What was its true premise though? Well, as the title suggests, the "Battle of the Five Armies"! Though, I only really saw three...I could be wrong though. Let's see, there were the humans and the elves. but they were both on the same side. And the humans were more a group of distraught, homeless villagers than an army before the elves came along and asked them to join their cause. So would that count as one...or two? Then there's Thorin Oakenshield and his tiny group of dwarves plus a hobbit. But they did get reinforcements when Thorin's battle-hungry cousin comes along. But would that be considered an addition to his army...or a different army altogether that just ally's itself with Thorin's? Then of course there's the Orcs, but they sort of split up into two armies...I think.

Anyway, my confusion aside; this battle was epic! The movie took an awful long time getting to it though. That's another thing I felt could have been avoided had they simply made this one film. The movie felt very drawn out, situations went on for far longer than they should have. The biggest waste of time in this movie however, was this guy:

Alfrid Lickspittle. Portrayed by English actor Ryan Gage, Alfrid is supposed to be the comedy relief in betwixt the warring action. But sadly the only thing funny about this character is his incredibly hilarious name. Instead, he's just an annoying character who's every appearance is a just waste of running time. Although I admit, the scene with him in the corset is both awkward and chuckle-worthy. I don't have an official picture of that, so I've made my own. Enjoy.

I apologize for fueling your nightmares...
I apologize for fueling your nightmares...

Surprisingly, the film not only managed to feel drawn out, but it felt rushed as well. While it took a while for the film to get to its namesake, when it finally got there, there was hardly any planing for war at all. It went like this: Thorin goes mad with greed, the elves want their gems back, the humans want some money to rebuild, Gandalf comes, warns of the Orcs, the Orcs come. BOOM! War! No battle strategies, no days to truly prepare, nothing. I wished they had spent more time showing the warring parties preparing for war rather than spend a lot of the first half showing Thorin's gold affliction and Bilbo hiding the Arkenstone from him. Admittedly very badly. I mean, Bilbo has a habit of taking the things he's hiding out to gaze at in the most obvious places ever.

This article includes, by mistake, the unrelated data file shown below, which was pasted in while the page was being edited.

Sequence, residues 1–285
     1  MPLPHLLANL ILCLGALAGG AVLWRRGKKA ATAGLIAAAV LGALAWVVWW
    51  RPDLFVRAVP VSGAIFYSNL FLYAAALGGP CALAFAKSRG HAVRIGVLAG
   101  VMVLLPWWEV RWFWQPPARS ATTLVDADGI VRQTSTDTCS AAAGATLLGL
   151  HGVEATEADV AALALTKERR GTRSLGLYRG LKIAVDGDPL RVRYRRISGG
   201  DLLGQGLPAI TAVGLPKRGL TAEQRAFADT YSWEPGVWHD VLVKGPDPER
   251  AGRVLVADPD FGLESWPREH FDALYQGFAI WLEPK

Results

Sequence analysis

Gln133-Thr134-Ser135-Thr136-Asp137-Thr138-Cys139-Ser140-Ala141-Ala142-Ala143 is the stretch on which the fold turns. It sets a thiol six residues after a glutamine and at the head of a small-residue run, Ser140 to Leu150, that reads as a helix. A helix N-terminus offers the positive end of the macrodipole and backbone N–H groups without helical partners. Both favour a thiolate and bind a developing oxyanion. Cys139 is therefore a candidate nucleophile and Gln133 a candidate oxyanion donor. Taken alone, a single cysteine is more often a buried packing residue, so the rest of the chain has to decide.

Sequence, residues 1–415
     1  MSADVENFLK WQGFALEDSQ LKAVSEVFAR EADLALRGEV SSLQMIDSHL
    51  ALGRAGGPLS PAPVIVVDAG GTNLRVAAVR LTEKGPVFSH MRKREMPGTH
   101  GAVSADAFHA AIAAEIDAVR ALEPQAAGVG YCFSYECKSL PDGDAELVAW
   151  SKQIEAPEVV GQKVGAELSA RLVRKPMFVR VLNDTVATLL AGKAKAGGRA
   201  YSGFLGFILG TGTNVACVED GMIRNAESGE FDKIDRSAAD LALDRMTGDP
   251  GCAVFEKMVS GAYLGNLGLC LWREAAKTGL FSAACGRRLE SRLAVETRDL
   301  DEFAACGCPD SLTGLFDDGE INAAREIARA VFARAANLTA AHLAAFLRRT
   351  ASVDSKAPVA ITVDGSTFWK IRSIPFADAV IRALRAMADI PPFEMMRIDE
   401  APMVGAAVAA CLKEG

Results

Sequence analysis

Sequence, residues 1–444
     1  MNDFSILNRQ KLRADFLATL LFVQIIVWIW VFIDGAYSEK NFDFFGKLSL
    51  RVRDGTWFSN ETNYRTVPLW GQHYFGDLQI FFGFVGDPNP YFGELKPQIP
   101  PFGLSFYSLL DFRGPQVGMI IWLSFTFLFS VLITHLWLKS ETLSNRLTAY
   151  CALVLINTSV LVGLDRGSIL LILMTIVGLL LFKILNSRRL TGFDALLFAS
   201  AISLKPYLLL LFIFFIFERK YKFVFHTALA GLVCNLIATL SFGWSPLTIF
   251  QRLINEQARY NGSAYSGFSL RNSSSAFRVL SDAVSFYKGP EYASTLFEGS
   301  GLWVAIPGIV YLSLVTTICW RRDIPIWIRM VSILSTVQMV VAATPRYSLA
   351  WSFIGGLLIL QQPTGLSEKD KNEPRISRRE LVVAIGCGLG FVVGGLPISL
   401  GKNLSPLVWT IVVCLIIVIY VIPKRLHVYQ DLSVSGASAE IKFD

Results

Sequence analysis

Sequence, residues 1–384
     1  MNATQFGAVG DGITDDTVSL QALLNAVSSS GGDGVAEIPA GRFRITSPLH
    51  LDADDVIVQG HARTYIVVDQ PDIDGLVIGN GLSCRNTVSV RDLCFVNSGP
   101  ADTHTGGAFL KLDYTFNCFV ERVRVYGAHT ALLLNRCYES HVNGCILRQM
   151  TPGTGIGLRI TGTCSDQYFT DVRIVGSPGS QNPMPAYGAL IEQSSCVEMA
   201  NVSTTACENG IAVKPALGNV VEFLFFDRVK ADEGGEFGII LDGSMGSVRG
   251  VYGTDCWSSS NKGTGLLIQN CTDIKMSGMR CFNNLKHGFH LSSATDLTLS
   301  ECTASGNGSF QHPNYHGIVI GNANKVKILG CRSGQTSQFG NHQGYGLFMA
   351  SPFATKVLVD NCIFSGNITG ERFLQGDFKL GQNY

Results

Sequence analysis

C'mon man!
C'mon man!

Speaking of Bilbo Baggins. I think that Martin Freeman is a great actor; my favorite roles of his being Watson in BBC's Sherlock and any film he does with Simon Pegg and Nick Frost! That being said, the man's a bit...emotionless. Well no, that's not a correct statement. He's got most of the emotions down, happiness, love, hunger etc. But it's sadness where he goes stale. For me, he just doesn't sell it when a sad and emotional scene takes place. For instance, when Thorin dies, he cries and everything; but it just doesn't seem authentic. I don't know why but his emotional acting just doesn't sell it for me.

Come on, show me some authentic emotion damn it!
Come on, show me some authentic emotion damn it!

But anyways, back to the battle. True it felt rushed getting there, but once it got there, it was spectacular! A huge battle featuring humans, elves, orcs and dwarves! It was a war that would make even the Battle at Hogwarts seem like a childish dispute! You...don't know how hard it is for me to say that. So yes, the movie wasn't very necessary. And yes, it was at times rushed and at other times drawn out. But The Hobbit: Battle of the Five Armies is an amazing film, and absolutely justifies its existence! This movie, in fact all of the movies don't do the book much justice. But by splitting into three arcs, and adding in a few extras in between start and finish, The Hobbit trilogy has gone from being a simple book-to-film adaption, to becoming a rightful inclusion in the Tolkien mythos. So when you see this film, don't think of it as the unneeded ending to a three part film based on a single novel; think of it as the epic conclusion to an amazing film series, it's own thing! I recommend this film to book readers and non-book readers alike!